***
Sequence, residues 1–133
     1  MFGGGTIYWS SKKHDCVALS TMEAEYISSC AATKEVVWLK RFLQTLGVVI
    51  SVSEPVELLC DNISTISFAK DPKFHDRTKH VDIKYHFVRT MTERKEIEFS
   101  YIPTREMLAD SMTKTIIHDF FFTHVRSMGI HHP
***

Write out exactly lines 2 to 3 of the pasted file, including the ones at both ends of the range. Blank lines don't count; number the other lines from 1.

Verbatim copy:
     1  MFGGGTIYWS SKKHDCVALS TMEAEYISSC AATKEVVWLK RFLQTLGVVI
    51  SVSEPVELLC DNISTISFAK DPKFHDRTKH VDIKYHFVRT MTERKEIEFS